8:41 a.m. [Click on sketch to view larger]
Bike to Work Day is coming up next Friday, May 21, so I thought this would be a perfect time to meet bike commuters and find out how they get the adrenaline to pedal to their workplace on a regular basis.
This morning, I met Andy Larson at the Montlake Freeway Pass bus stop, a hot spot for bike commuters waiting to catch a bus to cross to the Eastside — the S-520 bridge doesn’t have a bike lane.
Larson, who commutes from the University District to Redmond, said he’s no athlete and doesn’t ride a bike for exercise. “Look at me,” he said, pointing to his loose jeans and shoes, not the kind of made-for-cycling outfit that other bike commuters wear.
He used to chain his bike nearby and finished his commute riding the 545 bus to Overlake Transit Center, but he returned from work one day and found no trace of it. “Someone stole my whole bike,” he said. “The chain and everything.”
After the incident, Larson got some advice from other riders: get a cheap bike and a nice lock. But he’s not taking chances and now puts it on the bus, which has racks on the front specially designed to hold up to three bikes.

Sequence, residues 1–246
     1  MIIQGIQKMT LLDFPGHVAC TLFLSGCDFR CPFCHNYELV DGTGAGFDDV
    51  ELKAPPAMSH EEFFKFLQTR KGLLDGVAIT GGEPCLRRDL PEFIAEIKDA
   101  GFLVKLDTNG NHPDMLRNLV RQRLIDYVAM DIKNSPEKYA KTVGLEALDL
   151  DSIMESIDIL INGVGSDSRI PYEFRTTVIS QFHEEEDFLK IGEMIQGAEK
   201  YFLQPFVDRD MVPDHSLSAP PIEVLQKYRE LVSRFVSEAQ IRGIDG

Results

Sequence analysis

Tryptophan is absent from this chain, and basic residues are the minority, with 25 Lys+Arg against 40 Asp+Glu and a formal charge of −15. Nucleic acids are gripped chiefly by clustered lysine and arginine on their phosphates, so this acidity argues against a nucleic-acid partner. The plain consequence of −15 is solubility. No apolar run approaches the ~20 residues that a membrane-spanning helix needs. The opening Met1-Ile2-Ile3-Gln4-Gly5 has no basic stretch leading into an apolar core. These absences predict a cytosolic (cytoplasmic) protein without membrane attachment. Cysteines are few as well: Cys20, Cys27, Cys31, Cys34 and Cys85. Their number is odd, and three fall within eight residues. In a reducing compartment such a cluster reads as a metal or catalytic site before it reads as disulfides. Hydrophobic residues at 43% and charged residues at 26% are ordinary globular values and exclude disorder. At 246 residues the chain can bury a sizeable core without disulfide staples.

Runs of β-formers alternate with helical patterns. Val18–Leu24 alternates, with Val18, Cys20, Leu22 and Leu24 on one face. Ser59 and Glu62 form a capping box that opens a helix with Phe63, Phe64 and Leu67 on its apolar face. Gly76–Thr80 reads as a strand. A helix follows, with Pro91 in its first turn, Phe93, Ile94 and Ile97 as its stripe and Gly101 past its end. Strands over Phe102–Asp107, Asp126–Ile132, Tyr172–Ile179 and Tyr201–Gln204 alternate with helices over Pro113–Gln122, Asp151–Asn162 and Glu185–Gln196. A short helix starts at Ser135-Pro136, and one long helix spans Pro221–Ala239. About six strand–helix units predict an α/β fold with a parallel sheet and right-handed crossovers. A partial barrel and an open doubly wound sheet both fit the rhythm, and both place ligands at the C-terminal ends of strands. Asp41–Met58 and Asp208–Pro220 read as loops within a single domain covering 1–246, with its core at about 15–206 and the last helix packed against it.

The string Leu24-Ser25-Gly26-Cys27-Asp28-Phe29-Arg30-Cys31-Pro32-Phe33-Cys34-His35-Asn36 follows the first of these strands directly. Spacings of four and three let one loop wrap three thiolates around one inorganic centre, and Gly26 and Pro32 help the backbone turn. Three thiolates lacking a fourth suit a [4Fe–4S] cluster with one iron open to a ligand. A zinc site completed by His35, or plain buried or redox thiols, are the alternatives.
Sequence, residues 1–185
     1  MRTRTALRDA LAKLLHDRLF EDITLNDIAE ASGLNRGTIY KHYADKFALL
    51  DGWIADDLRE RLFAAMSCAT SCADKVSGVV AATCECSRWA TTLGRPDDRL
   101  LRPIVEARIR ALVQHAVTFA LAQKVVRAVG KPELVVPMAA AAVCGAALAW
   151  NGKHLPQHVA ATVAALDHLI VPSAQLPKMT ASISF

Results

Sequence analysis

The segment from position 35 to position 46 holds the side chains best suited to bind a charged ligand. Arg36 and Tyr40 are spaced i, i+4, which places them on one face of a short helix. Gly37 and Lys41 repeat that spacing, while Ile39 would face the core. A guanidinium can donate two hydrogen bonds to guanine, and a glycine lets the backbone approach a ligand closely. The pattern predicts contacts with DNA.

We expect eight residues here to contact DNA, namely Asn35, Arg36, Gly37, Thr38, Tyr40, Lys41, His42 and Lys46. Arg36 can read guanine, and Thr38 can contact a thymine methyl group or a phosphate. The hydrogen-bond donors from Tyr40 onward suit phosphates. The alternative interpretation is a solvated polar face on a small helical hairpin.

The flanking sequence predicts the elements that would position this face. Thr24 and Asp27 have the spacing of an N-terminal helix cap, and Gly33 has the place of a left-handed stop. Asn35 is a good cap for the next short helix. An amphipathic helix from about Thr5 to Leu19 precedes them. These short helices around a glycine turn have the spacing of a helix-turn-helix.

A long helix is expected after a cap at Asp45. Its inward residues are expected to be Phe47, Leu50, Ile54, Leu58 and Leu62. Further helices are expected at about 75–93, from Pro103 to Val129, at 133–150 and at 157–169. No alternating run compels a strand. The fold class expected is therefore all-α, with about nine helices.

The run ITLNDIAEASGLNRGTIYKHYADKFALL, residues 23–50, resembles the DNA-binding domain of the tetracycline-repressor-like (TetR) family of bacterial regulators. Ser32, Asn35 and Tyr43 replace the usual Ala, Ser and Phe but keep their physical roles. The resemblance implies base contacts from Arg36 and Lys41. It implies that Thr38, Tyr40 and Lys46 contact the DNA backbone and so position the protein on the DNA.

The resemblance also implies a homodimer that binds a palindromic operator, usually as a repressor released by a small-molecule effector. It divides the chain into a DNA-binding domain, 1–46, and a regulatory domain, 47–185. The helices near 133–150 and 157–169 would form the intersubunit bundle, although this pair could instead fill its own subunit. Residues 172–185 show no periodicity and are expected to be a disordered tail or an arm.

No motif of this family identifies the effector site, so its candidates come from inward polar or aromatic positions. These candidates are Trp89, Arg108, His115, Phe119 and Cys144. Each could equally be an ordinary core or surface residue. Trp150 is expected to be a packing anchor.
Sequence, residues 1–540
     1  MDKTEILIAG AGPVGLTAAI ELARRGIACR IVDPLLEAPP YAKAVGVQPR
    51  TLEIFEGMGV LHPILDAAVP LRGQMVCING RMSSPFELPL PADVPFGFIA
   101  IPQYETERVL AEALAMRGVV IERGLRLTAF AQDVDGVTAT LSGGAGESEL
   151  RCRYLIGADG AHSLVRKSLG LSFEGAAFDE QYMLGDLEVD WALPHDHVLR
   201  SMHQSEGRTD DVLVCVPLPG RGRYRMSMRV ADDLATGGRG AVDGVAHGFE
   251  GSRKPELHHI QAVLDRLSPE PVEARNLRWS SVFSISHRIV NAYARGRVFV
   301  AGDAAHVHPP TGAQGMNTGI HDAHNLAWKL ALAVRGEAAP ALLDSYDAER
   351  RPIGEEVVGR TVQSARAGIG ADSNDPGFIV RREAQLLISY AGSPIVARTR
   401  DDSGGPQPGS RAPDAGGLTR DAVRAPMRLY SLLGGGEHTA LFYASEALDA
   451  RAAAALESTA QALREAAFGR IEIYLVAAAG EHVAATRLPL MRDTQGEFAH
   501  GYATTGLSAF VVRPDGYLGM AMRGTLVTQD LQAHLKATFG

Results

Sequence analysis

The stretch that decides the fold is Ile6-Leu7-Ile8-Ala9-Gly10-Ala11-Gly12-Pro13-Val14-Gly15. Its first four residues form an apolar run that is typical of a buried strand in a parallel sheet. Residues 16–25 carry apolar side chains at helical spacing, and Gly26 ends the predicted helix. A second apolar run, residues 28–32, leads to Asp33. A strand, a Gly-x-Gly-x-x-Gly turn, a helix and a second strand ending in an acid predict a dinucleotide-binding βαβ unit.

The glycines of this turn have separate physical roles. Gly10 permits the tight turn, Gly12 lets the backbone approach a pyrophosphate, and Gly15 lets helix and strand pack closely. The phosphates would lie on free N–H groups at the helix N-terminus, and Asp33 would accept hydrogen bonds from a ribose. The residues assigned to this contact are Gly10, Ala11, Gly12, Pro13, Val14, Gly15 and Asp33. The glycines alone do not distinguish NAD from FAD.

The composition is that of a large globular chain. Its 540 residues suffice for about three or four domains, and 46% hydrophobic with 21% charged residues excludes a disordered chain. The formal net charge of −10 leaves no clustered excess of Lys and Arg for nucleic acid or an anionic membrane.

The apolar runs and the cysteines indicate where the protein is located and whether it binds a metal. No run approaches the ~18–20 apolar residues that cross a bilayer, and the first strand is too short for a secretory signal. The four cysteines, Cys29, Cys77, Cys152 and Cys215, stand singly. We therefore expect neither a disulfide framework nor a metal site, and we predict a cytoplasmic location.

Larson said traffic plays a big part in his commuting choice. If he drove, it could take him one hour and-a-half just to get back in the afternoon rush hour, he said. Biking and riding the bus makes each way about 45 minutes.
By the time I finished my sketch and Larson got on his bus, about seven other bikers had arrived.
One of them was Caitlin Kehoe, who had biked from Fremont and needed to be at work in Redmond by 10 a.m. I’ll tell you more about Caitlin’s commute Thursday.
- Are you a bike commuter? I’d love to hear your story. What’s your commute like? Why do you bike? I’m fine with driving to a park and ride and taking a bus. Why should I consider biking?